Stem-bulge RNAs (sbRNAs) are a group of small, functionally yet uncharacterized noncoding RNAs first described in C. elegans, with a few homologous sequences postulated in C. briggsae. In this study, we report on a comprehensive survey of this ncRNA family in the phylum Nematoda. Employing homology search strategies based on both sequence and secondary structure models and a computational promoter screen we identified a total of 240 new sbRNA homologs. For the majority of these loci we identified both promoter regions and transcription termination signals characteristic for pol-III transcripts. Sequence and structure comparison with known RNA families revealed that sbRNAs are homologs of vertebrate Y RNAs. Most of the sbRNAs show the characteristic Ro protein binding motif, and contain a region highly similar to a functionally required motif for DNA replication previously thought to be unique to vertebrate Y RNAs. The single Y RNA that was previously described in C. elegans, however, does not show this motif, and in general bears the hallmarks of a highly derived family member.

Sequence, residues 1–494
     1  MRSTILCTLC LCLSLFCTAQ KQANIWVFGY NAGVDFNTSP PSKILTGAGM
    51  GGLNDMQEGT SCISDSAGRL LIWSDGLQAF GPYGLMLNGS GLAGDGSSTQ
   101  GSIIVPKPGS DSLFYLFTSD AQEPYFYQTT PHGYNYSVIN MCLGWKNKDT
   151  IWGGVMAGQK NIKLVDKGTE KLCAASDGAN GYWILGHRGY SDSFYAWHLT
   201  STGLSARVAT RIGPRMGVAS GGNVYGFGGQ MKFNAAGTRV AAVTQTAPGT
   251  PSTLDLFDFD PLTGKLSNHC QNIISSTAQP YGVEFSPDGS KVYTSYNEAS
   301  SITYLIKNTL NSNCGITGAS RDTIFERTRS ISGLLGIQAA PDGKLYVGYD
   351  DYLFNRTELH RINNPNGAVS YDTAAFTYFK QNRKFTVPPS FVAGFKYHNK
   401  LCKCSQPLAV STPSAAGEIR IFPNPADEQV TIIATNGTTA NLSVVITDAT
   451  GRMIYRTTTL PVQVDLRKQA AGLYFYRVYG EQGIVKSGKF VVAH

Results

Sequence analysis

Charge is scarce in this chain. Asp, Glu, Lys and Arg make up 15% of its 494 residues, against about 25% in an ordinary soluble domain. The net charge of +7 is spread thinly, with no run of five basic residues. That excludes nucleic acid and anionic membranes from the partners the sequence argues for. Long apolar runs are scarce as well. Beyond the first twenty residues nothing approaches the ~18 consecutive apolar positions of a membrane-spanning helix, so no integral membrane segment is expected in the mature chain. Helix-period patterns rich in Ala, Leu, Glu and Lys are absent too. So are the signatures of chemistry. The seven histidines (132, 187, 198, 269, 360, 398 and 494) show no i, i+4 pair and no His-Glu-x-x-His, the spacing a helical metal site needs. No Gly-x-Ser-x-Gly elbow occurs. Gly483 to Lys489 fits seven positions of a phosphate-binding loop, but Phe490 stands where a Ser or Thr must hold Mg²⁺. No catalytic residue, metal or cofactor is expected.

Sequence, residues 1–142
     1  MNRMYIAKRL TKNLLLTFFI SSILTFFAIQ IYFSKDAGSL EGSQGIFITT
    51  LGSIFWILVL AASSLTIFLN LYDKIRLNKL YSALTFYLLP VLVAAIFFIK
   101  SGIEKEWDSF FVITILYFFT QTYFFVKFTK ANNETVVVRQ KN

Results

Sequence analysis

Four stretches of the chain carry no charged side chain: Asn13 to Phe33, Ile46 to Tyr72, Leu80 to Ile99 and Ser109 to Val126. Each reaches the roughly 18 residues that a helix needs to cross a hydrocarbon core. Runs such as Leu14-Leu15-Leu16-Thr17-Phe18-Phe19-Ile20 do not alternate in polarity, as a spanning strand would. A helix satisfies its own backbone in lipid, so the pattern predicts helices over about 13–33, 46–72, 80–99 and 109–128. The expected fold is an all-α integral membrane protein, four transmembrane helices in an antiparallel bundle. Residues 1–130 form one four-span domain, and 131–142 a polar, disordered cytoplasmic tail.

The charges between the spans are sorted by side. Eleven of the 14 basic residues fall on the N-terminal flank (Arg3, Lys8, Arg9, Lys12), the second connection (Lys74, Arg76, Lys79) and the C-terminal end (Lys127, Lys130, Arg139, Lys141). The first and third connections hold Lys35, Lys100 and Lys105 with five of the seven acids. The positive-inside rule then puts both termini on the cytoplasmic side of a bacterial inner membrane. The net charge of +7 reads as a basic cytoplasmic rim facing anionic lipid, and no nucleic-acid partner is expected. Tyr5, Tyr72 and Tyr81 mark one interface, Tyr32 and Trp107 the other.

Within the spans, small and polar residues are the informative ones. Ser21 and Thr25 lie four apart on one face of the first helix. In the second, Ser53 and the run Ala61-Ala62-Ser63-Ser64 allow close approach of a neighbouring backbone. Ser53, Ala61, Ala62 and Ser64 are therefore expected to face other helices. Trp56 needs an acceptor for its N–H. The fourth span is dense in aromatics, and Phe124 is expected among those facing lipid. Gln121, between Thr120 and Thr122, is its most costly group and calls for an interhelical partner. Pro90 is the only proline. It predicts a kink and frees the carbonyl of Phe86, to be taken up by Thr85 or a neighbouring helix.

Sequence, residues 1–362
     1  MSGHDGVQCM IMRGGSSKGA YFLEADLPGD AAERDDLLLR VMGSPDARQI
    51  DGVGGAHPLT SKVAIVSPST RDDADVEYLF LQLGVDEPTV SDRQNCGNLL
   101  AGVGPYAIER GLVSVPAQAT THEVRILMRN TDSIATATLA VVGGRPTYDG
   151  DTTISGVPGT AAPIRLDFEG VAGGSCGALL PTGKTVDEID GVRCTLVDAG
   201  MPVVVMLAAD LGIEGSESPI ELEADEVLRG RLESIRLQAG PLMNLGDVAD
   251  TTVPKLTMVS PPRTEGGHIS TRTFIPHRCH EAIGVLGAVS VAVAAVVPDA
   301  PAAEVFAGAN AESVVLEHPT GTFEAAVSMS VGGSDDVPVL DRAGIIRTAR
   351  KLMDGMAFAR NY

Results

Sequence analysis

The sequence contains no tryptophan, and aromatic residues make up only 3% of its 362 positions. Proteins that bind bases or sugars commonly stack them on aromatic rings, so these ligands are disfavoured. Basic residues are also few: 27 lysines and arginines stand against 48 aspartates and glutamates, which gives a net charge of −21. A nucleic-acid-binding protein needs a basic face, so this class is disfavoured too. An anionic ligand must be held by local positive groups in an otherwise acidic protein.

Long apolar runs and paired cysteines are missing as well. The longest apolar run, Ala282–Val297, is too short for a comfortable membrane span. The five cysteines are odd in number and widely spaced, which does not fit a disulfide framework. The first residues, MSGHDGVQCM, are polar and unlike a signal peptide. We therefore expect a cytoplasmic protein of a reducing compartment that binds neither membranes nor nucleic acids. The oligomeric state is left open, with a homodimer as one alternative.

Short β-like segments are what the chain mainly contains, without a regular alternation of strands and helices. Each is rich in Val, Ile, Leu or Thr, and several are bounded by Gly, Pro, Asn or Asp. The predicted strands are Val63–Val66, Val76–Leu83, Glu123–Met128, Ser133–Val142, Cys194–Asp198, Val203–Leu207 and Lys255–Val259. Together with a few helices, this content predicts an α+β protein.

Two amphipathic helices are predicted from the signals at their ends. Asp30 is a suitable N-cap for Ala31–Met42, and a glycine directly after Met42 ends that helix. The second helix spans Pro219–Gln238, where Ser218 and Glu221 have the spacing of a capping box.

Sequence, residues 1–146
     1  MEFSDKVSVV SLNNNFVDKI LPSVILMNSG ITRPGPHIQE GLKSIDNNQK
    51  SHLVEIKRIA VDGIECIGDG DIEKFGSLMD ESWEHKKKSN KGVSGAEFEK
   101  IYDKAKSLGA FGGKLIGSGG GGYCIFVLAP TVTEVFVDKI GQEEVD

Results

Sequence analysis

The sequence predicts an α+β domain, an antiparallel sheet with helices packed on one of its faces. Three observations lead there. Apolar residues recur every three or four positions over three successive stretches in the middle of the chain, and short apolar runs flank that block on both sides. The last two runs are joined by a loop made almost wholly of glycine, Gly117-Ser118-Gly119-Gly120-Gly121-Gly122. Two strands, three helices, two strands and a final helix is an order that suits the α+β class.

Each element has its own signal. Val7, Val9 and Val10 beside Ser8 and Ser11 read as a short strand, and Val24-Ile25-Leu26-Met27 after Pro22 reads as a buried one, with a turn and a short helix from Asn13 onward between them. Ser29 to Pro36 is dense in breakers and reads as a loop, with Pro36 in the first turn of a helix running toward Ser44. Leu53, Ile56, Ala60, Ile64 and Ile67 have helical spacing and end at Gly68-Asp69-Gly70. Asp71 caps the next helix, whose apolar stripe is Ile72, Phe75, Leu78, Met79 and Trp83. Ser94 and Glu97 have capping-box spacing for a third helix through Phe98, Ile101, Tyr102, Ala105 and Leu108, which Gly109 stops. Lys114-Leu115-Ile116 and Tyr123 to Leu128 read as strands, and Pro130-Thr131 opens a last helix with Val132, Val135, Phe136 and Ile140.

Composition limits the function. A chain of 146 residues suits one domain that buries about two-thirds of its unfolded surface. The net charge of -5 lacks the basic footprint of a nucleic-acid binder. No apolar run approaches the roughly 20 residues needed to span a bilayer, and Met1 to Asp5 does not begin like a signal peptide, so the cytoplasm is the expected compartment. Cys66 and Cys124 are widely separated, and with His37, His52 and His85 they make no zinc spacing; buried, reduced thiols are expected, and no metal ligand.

Up to 450,000 non-coding RNAs (ncRNAs) have been predicted to be transcribed from the human genome. However, it still has to be elucidated which of these transcripts represent functional ncRNAs. Since all functional ncRNAs in Eukarya form ribonucleo-protein particles (RNPs), we generated specialized cDNA libraries from size-fractionated RNPs and validated the presence of selected ncRNAs within RNPs by glycerol gradient centrifugation. As a proof of concept, we applied the RNP method to human Hela cells or total mouse brain, and subjected cDNA libraries, generated from the two model systems, to deep-sequencing. Bioinformatical analysis of cDNA sequences revealed several hundred ncRNP candidates. Thereby, ncRNAs candidates were mainly located in intergenic as well as intronic regions of the genome, with a significant overrepresentation of intron-derived ncRNA sequences. Additionally, a number of ncRNAs mapped to repetitive sequences. Thus, our RNP approach provides an efficient way to identify new functional small ncRNA candidates, involved in RNP formation.